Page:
Don't expect too much
Tennis will be played, but the fall won't bring any surprises
For many, the US Open marks the fourth and final time that attention must be paid to tennis for the year. From a historical standpoint, that's an accurate assessment. Little to nothing that happens for the rest of 2013 will be remembered in the long run. The No. 1 rankings on both tours have been decided, Masters events feel a little smaller when they don't lead to a major and Andy Murray announced that he's going to have back surgery and likely won't be seen again until 2014.
Yet tennis will be played, by the rest of the best in the world, and sometimes what happens in the fall doesn't just stay in the fall. Two years ago, Roger Federer began his long run back to No. 1 with three late-season tournament wins. Here are four things to keep an eye on over the last six weeks of 2013.
Can Novak Djokovic adjust?
Your move, Nole.
With his US Open win, Rafael Nadal has not only won his past three matches over Djokovic, he has taken his No. 1 ranking, as well. This is one of the few rivalries that really has gone back and forth. After losing seven straight to Djokovic, Nadal brought more aggression and variety to their matches.
What can the Serb do to counteract that? In the past, he was patient against Rafa, but to play that way you have to be confident that you can win in the end. The indoor hard-court season, where Rafa traditionally struggles, should offer Djokovic a few chances to get that confidence back going into 2014.
Can Rafa sustain?
Even in Nadal's No. 1 seasons, 2008 and 2010, he faded down the indoor stretch. He has never won Shanghai, Paris or the World Tour Finals -- the latter is the only event of real significance missing from his resume. The faster surfaces and faster play indoors hurts Rafa, as does his body, which is typically beat up by the end of the season.
He says he'll try to do better this time, though it would also make sense for him to rest his knees at this time of year. Will Nadal continue to have highs and lows in his late 20s? Or will he be a consistent No. 1? We'll get an early answer this fall.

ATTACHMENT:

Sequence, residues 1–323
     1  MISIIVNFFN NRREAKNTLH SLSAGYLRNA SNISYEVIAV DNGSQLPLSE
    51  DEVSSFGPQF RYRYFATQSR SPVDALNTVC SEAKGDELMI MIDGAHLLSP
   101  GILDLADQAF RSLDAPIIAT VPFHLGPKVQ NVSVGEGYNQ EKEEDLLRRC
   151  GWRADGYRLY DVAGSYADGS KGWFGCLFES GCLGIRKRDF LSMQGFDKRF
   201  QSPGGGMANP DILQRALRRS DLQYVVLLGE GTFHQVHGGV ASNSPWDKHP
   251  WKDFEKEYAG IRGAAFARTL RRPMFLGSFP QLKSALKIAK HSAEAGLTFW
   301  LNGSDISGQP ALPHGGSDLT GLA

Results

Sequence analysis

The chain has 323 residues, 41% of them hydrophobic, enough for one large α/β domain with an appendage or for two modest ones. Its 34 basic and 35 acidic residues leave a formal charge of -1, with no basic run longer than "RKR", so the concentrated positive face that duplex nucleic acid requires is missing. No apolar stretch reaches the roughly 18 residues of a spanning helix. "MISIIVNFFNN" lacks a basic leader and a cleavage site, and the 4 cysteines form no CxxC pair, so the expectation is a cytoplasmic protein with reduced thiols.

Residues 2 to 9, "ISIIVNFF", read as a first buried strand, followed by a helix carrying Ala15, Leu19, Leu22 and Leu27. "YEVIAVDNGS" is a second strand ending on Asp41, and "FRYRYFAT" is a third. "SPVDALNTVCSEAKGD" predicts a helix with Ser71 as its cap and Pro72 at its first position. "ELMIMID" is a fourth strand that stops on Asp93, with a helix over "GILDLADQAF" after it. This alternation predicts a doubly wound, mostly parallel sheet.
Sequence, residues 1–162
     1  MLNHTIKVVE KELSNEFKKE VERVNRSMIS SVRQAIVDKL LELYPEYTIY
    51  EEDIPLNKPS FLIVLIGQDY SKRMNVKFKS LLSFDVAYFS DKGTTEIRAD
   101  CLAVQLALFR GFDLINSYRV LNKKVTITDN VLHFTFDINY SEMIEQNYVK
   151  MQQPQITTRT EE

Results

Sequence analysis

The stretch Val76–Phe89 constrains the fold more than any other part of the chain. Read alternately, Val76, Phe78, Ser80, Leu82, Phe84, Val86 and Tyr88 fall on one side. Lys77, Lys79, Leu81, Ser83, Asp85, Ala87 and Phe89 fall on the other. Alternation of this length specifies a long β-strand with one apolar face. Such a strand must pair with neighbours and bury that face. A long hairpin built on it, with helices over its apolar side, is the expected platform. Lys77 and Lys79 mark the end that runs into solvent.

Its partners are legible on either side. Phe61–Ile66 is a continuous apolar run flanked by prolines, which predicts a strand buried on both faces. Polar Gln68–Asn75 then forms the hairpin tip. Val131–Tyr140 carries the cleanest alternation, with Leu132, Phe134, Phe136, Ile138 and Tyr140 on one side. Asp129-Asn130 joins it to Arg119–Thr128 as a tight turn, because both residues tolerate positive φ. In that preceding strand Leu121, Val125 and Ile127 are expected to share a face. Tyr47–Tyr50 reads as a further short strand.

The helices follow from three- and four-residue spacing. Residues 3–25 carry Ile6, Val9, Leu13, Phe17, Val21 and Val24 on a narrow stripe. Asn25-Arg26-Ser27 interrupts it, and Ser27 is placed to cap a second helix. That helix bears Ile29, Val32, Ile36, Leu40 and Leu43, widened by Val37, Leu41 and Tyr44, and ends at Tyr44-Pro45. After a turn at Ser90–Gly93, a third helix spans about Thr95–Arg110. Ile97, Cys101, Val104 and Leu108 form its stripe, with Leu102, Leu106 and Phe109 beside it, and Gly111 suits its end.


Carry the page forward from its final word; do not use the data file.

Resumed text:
Can Roger bounce back?
As I said above, this has often been a time for Roger Federer to shine. He has won six World Tour Finals, and he loves indoor hard courts the same way Rafa loves outdoor clay.
When we last saw him, at the US Open, the 32-year-old Federer's expectations appeared distinctly lowered -- after months of back trouble, he just wanted to be able to train well again. This fall will tell us how that's going. If he can win a title, make himself competitive and qualify for the WTFs, he'll feel better for 2014. But more early losses would, like the early losses at the majors this year, be something new -- Federer has always finished strong.
Is anyone in the same league as Serena?
For most of the past two seasons, the WTA had a healthy and competitive big three -- Serena Williams, Victoria Azarenka and Maria Sharapova divvied up the big titles, played often-intriguing matches and were virtually always in contention.
Now that ruling class is on shakier ground, yet no one has risen up this year to challenge them, either. Sharapova, after shoulder problems and a lost summer with Jimmy Connors, has fallen off, while Vika failed to close the gap with Serena at the Open.
It feels again as if there's Serena ... and everyone else, and this fall will be a battle to see who's the best among everyone else. The one must-watch will be the tour championships, which are in Istanbul for the last time. Will Sharapova be there? Can Vika regain her momentum? Or will Serena, at 32, finish what might be her best season yet?